NCAAs prep tomorrow's soccer stars
For those who play in the NCAA soccer tournament, which culminates with this weekend's College Cup, it's as much a crucible as a competition.
For some, the event is a stepping-stone to World Cup and Olympic stardom. Others find it's the pinnacle of their soccer careers.
Those who go on to play national team-level soccer say lessons learned during the pressure cooker of the NCAA tournament helped when the opponent became Sweden rather than Stanford.
Or, say, China.
Brandi Chastain's World Cup-winning shootout goal in 1999 was a classic example of poise under fire. U.S. versus China. A coveted World Cup title on the line at home. A defender trying to score before a sold-out Rose Bowl crowd. Millions watching on TV.
Hey, no pressure.
But before she famously whipped off her shirt to expose washboard abs (and a black sports bra) in an iconic victory celebration, Chastain was a two-time All-American forward who helped Santa Clara reach the national semifinals in the 1989 and 1990 NCAA tournaments.
She's now a TV commentator and a volunteer assistant coach at Santa Clara, where her husband, Jerry Smith, is the longtime coach. She remembers the NCAA tournament helped forge a cool competitor.
"You win and you go on, or you don't win and you go home," Chastain said of the NCAAs. "It's just impossible to mimic. The tournament elevates and weeds out the players who rise to the top and [those] who can't handle the pressure. It's pretty simple."
North Carolina coach Anson Dorrance, whose teams have won a staggering 21 national titles, was in the catbird seat at tournaments watching Mia Hamm, Heather O'Reilly, Cat Reddick, Carla Overbeck, Kristine Lilly, Tisha Venturini and many other stars playing for his Tar Heels. Overbeck, now an assistant coach with Final Four team Duke, won four titles at UNC.
This year, UNC lost to Central Florida in a shootout in the tournament's third round.
"It's always a shock being knocked out, especially if you're a senior," Dorrance said. "The element that prepares these kids for the next level is the one-and-you're-done aspect.
"It's not like the NBA or major league baseball, where you get a seven-game series."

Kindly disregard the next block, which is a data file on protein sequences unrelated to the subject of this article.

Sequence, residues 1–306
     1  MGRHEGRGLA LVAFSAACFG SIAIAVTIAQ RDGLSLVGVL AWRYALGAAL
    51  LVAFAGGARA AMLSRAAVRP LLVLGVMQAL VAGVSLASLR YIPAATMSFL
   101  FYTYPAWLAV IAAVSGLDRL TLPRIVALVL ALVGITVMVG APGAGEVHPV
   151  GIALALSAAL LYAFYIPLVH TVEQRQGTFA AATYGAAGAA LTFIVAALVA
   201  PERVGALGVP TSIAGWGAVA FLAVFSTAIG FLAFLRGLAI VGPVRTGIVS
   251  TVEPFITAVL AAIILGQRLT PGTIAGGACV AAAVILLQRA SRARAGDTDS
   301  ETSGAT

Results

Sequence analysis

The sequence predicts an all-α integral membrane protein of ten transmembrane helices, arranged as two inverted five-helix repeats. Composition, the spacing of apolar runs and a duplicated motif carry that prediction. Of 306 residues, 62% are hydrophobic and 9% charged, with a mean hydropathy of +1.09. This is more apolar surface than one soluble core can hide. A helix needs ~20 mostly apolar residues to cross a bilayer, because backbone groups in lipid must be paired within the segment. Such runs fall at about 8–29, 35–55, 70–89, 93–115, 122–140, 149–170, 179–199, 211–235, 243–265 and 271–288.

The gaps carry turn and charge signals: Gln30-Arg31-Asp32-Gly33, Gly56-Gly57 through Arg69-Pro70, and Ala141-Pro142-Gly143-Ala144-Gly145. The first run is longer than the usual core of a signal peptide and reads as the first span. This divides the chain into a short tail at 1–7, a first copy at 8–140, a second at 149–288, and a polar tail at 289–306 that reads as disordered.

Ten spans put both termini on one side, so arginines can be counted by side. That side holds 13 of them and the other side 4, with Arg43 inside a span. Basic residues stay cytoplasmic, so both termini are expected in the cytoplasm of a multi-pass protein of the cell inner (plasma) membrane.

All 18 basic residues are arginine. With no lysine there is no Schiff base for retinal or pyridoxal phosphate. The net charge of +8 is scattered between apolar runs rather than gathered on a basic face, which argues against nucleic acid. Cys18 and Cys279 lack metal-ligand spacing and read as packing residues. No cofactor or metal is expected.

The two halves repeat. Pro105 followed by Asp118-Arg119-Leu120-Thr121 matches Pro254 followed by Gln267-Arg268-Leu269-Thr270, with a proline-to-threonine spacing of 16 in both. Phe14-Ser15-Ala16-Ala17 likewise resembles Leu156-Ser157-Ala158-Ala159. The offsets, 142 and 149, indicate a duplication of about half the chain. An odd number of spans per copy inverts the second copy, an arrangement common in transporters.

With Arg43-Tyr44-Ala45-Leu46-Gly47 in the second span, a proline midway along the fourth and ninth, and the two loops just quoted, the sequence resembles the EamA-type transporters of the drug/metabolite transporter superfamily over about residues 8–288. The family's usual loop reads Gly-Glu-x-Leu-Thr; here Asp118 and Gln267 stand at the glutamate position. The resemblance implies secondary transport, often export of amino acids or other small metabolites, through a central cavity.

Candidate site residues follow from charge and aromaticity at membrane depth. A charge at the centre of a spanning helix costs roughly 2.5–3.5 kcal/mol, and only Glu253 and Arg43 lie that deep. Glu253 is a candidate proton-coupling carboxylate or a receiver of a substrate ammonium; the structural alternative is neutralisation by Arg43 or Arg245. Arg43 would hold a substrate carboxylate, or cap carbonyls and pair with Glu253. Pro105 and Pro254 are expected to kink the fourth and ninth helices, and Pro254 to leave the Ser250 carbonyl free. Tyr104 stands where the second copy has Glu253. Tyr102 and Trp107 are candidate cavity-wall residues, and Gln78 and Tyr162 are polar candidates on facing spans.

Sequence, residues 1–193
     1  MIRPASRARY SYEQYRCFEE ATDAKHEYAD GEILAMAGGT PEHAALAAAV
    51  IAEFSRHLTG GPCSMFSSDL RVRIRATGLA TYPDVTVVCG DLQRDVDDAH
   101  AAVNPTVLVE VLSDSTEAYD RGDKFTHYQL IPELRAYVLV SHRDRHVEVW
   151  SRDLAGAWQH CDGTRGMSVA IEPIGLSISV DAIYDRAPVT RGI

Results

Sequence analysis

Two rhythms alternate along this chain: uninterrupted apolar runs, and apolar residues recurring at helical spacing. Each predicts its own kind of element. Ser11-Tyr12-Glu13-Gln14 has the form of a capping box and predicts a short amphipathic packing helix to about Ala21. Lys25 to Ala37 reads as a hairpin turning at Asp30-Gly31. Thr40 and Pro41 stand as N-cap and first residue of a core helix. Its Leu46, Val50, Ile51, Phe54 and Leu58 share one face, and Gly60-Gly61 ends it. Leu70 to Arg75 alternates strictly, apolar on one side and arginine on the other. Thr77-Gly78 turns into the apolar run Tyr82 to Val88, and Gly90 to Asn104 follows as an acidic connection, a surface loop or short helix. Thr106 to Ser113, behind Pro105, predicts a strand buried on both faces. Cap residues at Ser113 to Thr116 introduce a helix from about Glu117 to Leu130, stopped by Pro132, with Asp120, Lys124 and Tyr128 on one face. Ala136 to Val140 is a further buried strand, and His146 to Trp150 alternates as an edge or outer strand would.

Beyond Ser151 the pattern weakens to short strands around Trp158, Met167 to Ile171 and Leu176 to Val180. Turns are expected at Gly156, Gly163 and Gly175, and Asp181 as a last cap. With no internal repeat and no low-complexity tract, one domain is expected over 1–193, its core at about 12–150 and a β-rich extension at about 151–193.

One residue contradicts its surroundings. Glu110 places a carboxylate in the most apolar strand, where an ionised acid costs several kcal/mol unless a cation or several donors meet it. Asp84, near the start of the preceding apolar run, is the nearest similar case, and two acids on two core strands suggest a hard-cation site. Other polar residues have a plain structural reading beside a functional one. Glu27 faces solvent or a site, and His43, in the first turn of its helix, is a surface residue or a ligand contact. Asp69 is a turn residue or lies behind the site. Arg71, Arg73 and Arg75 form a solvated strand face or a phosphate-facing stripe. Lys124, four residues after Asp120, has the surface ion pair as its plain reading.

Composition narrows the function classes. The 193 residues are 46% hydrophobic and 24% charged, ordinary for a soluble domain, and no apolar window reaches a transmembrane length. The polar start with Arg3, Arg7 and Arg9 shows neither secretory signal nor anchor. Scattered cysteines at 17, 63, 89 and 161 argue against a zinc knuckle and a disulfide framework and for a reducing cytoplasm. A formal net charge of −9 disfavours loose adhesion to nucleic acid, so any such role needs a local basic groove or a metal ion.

The tournament taught O'Reilly, the U.S. national team veteran midfielder, many things, including how to cope with being the favorite.
As a North Carolina forward, she won the NCAA tournament's most outstanding player award twice, in 2003 and 2006.
"Especially at North Carolina, everyone wants to be the team to knock you off," O'Reilly said. "It's similar to playing on the USA team. There are so many parallels to playing at UNC and playing at the World Cup level. It taught me not to take any opponent for granted, any team for granted, to keep those good habits all through the season."
With top players having established their reputations during their collegiate seasons or on junior national teams, only in rare cases has the NCAA tournament provided a springboard to international fame.
The tournament has been more a showcase than a launching pad, a place for people such as Chastain, O'Reilly, Julie Foudy, Hamm, Lilly, Abby Wambach, Overbeck and Canada's Christine Sinclair to add to growing reputations.
One exception was star U.S. team keeper Briana Scurry, whose diving save set the stage for Chastain's winner in 1999. Scurry's national-team career was launched during the NCAAs, while she was playing for unheralded Massachusetts.
This year, all four No. 1 seeds -- Stanford, Wake Forest, Duke and Florida State -- survived a demolition derby of a tournament to reach the Final Four.
In Hamm's time, national team players would be plucked from this elite group of four. Now, it's rare to find national-team players exclusively on College Cup teams because top players are "more spread out than they used to be," said April Heinrichs, technical director for the U.S. women's national team and a two-time NCAA tournament most outstanding player for UNC, in 1984 and 1986. "It's much more difficult to go to the Final Four and pick your roster for the national team."
That fact underscores a deepening of talent and teams in women's college soccer, which only recently expanded its tournament to 64 teams and experiences few blowouts, not even in the early rounds this season.
These days, U.S. Soccer has a number of youth national squads, and is able to identify top players earlier and get them international experience. Gone are the days when Hamm and Lilly made the lone national team at ages 16 and 17, respectively. For example, Tobin Heath, a midfielder on the national team, was tabbed as a future star at 14.
In the past decade, U.S. Soccer had added Under-17, Under-20 and Under-23 women's junior national teams. Players on those teams who will be playing for an NCAA title this weekend include Duke's Kelly Cobb and Mollie Pathman, FSU's Ella Stephan, Stanford's Lindsay Taylor and Wake Forest's Bianca D'Agostino.
They're already on the fast track. But this week's College Cup and its sudden-death atmosphere might identify them in another way."Playing with that kind of pressure is positive pressure," Dorrance said. "The truly great ones figure out a way to rise to the occasion."